By Groba Leo Williams
Harper City, Maryland County, Liberia
Harper City, the capital city of Liberia's Southeastern most county, is situated on Cape Palmas. It is a coastal town situated between the grand Atlantic Ocean and the Hoffman River. It has a population of approximately 20,000 persons.
Though the traditional homeland of the Grebos, it has established itself as a heterogeneous community where people from all walks of life come to work, live and stay in peace. For example, there are Old and New Kru towns. There is Bassa Community. There is Bunker Hill, where those who consider themselves as descendants of settlers reside. There is a large community of Marylanders with Togolese, Ghanaian and Nigerian background, and they are prominent sons and daughters of the County serving in Government and the private sector.
With the presence of Tubman University, the second public University in the Republic, Harper has now become a University-City, with all the attractions that come along with such a City. It attracts students, teachers, researchers, traders, visitors and tourists from the around the globe.
With its magnificent, unexploited beaches, Harper boasts one of the finest Natural sceneries in West Africa. There are lagoons, lakes, rivers, and Atlantic beaches. Fishtown Beach (different from River Gee's Fish Town) a town located west of Harper is home to the beach that attracts the most visitors to Maryland. Harper also has huge and magnificent buildings, some lying in ruins; and borrowing from the words of thesocial justice advocate, Thomas G. Bedell, Harper can be defined as 'Vestiges of life once lived'.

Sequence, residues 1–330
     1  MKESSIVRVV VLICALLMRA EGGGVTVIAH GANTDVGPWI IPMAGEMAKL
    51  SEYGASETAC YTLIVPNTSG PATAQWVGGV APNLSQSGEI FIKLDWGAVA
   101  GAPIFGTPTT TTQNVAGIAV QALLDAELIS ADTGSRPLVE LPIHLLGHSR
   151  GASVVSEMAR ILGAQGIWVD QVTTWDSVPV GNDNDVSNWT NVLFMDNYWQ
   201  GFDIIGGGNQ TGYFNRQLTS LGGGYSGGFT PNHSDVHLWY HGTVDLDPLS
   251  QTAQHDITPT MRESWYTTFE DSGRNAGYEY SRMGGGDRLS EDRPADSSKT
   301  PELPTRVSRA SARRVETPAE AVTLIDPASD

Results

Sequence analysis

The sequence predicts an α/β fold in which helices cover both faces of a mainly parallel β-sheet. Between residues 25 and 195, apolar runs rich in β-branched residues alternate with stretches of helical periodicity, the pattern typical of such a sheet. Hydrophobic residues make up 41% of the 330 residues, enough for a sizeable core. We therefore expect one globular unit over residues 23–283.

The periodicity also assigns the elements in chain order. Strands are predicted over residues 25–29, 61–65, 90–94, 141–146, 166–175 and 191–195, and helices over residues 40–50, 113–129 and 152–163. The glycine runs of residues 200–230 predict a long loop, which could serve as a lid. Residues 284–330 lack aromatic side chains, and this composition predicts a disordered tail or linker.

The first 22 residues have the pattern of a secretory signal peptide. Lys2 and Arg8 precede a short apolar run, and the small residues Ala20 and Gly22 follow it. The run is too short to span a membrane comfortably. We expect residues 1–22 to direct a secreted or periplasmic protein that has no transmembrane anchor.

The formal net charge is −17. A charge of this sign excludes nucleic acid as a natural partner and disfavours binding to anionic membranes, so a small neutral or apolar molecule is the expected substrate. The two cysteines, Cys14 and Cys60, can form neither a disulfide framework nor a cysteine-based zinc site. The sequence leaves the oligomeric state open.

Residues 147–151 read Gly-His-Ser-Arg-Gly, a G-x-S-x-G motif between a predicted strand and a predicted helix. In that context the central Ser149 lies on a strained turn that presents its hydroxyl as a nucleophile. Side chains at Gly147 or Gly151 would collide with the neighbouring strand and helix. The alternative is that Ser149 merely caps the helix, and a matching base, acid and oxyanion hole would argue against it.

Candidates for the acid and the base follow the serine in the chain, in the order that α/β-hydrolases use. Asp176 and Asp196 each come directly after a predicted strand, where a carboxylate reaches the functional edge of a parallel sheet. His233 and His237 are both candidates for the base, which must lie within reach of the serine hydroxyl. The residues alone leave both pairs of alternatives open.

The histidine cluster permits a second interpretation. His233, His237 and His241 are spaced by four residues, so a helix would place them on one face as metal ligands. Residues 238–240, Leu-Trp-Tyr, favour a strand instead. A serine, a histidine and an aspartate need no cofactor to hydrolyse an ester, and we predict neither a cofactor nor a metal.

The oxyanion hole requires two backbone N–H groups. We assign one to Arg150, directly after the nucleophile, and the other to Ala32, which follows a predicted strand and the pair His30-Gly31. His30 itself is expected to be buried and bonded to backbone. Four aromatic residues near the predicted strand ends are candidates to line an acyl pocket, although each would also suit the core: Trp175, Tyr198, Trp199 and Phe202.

Its very shallow beaches allow kids as young as three(3) and four(4) years to go several yards into the ocean. Hiking, safari, fishing, boat-riding, sun-bathing, etc are all activities available for you.
Under day light, Harper is usually very quiet and passive. Students are in class, Business people are at their business shops, office workers are at their desks, and fishermen are at sea.
At night it is a sharp contrast. The main business avenue, known locally as the 18th, is alive with activities of all sorts. Though all in one straight line, all these shops exercise 'independence' by playing their own music, which makes the atmosphere very noisy and while this is happening, movements and 'transactions' of all sorts and shades are taking place. Men and women just from work can be seen drinking beer, Guinness stout, Calao, Mandingo bitter and other beverages and chatting the night and stress away.
Two banks operate in Harper; International Bank and Ecobank. They run shifts. EcoBank operates on Tuesdays and Thursdays and IBL on Monday, Wednesday and Fridays. Restaurants are dotted all over town, with a variety of Liberian dishes. Menu almost always has palm butter. Palm butter is a local delicacy. A good Cape Palmas palm butter is made with dry fish, 'country spice', etc.
Newcomers are easily noticed, which is typical of small towns. Gossips, lies, rumors, all come along with living in this small town.
In spite of what may appear to be a bad press for Harper out there, living in Harper will convince you that Harper is one of the safest cities in Liberia. Everyone seems to care about everyone else and people make other people's business their concern and worries. When there's even the slightest rumor that a dead dog was found, people will troop at the scene to find out how that dog died. This is the caring spirit of Harper.